HomeAchievements$3M Gift to Fund Student Nanotech Research

$3M Gift to Fund Student Nanotech Research

Students learn by doing, especially when it comes to science. A $3 million commitment from Peter J. Werth forwards key initiatives — including the Werth Nanotechnology Industry Academic Fellowship Program, which provides invaluable experience in scientific research and the business world.

Mentorship matters to future scientists — especially undergraduate and graduate students who are members of underrepresented groups, including women, people of color, and first-generation college students. So, concludes a 288-page report issued by the National Academies* —findings Peter J. Werth is addressing head-on in his dual roles as entrepreneur and philanthropist.

A business leader with the soul of a scientist, Werth is committed to supporting the next generation of researchers among Southern’s students and forwarding Connecticut’s science-based businesses in the process. He comes by this focus naturally. A first-generation college graduate, he is the founder, president, and chief executive officer of ChemWerth, a full-service, generic drug development and supply company with offices in Connecticut and internationally.

Werth is also the university’s largest benefactor, who has committed $7 million to the SCSU Foundation in the past decade. Included in this sum is a $3 million pledge made in 2022, to be paid over eight years, much of which will support the newly named Werth Nanotechnology Industry Academic Fellowship, an initiative that provides undergraduate and graduate science majors with research and business experience, and, above all, mentorship. The gift will establish an endowed fund to maintain the fellowship program in perpetuity.

“Programs that build and educate the next generation are a priority,” says Werth. “Our family has close ties to Connecticut. We appreciate Southern’s commitment to building the state’s workforce as well as its focus on research connected to the community.” The gift reflects Werth’s belief in the importance of public higher education. He received his bachelor’s degree from Fort Hays State University in Kansas, prior to earning a master’s from Stanford University. “I believe that state universities are the engine that powers Connecticut’s economy,” he says.

The Werth Center for Coastal and Marine Studies at Southern, named in recognition of Werth’s  $3 million gift announced in 2013, exemplifies this regional focus. Through the center, students and faculty have collaborated on research on a host of topics, ranging from the water quality in local rivers and harbors to the temperate coral Astrangia poculata found in Long Island Sound to the effectiveness of efforts to address beach erosion.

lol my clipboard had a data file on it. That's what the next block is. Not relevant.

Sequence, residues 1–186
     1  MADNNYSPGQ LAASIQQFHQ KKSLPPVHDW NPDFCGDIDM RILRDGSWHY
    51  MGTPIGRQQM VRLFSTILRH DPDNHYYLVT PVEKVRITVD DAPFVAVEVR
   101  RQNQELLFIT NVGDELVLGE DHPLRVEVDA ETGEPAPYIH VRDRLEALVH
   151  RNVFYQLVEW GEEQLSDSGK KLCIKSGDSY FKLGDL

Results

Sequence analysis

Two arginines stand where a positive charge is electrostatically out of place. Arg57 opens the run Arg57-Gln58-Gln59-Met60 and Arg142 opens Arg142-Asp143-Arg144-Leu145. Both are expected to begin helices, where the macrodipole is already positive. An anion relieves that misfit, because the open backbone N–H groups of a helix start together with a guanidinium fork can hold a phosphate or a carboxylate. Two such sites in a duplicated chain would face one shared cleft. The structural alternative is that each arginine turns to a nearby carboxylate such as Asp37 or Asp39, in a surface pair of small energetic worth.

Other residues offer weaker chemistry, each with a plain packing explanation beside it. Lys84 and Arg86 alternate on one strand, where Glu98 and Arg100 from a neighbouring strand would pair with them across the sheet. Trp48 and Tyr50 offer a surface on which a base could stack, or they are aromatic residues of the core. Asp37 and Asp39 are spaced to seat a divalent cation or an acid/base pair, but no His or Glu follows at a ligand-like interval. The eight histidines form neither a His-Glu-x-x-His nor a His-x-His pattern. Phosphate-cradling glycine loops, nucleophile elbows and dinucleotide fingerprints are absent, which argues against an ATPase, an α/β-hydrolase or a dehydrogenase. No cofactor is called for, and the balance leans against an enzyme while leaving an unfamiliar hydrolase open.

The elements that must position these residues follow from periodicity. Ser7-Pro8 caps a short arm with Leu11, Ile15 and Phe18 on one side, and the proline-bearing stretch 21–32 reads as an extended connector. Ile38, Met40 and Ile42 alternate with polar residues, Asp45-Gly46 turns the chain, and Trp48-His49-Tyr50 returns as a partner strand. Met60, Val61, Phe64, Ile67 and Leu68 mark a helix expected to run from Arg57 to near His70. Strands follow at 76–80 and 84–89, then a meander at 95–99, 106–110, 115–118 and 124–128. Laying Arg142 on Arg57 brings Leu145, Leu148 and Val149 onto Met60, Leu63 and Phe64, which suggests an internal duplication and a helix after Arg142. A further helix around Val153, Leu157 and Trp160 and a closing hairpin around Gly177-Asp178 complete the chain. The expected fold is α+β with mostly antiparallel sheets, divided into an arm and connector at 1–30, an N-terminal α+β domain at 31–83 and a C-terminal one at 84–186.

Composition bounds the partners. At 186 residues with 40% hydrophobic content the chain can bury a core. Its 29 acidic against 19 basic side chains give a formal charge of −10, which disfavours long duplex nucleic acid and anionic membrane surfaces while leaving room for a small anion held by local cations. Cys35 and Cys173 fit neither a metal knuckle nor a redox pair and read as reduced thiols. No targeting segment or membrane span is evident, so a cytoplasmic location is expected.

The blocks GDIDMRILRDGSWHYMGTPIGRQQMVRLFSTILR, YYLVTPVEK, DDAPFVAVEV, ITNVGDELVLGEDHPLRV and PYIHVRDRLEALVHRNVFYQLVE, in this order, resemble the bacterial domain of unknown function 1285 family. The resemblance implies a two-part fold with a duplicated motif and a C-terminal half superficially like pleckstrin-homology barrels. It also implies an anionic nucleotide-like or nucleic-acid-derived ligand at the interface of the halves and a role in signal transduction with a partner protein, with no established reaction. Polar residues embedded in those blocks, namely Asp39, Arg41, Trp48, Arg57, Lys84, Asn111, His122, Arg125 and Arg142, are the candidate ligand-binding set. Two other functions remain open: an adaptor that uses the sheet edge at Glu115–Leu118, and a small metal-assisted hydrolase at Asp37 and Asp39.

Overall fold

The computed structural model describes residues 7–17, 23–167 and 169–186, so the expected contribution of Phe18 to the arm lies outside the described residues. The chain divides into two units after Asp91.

The Werth Nanotechnology Industry Academic Fellowship Program also has a strong connection to the state and the region. It was launched at Southern in 2013 as a pilot program with Werth’s support. He had long been intrigued by the burgeoning nanotechnology field, which can be simply defined as science, engineering, and technology conducted at the nanoscale (about 1 to 100 nanometers). A sheet of paper is about 100,000 nanometers thick. A strand of human DNA is 2.5 nanometers in diameter.

Werth envisioned a program that would allow students to conduct laboratory research in the field, grounded in a real-world business environment. The resulting program — then operating as the Industry Academic Fellowship — is based at the Connecticut State Colleges and Universities Center for Nanotechnology, located at Southern, and operates under the direction of Christine Broadbridge, professor of physics and the executive director of research and innovation at the university. Broadbridge is an award-winning industry leader — the past president of the Connecticut Academy of Science and Engineering who was recently elected to the Board of Directors of the Materials Research Society. And her regard for Werth couldn’t be higher.

“Peter Werth is an entrepreneur scientist who is an inspiration to our students and faculty mentors alike,” she says. “He had the vision from the start (close to ten years ago) to understand the importance of combining nanotechnology with business and entrepreneurship to create the unique Werth Industry Academic Fellowship. We were ahead of our time with the result being a highly successful program that has impacted so many. Close to 100 students have participated in the program, with a large percentage from underrepresented groups in STEM [science, technology, engineering, and math].”

Team-based research is at the heart of the Werth Fellowship, which includes an eight-week summer program and an additional part-time component during the academic year. Undergraduate and graduate students work with faculty and local companies on scientifically related research initiatives. Recent projects have focused on sustainable nanotechnology as a rapidly growing interdisciplinary field that employs materials science and nanotechnology to address global sustainability challenges at the nanoscale. The fellows also participate in business-related workshops led by faculty from the School of Business, which touch on everything from intellectual property to marketing. Students receive stipends of up to $5,000 for their work.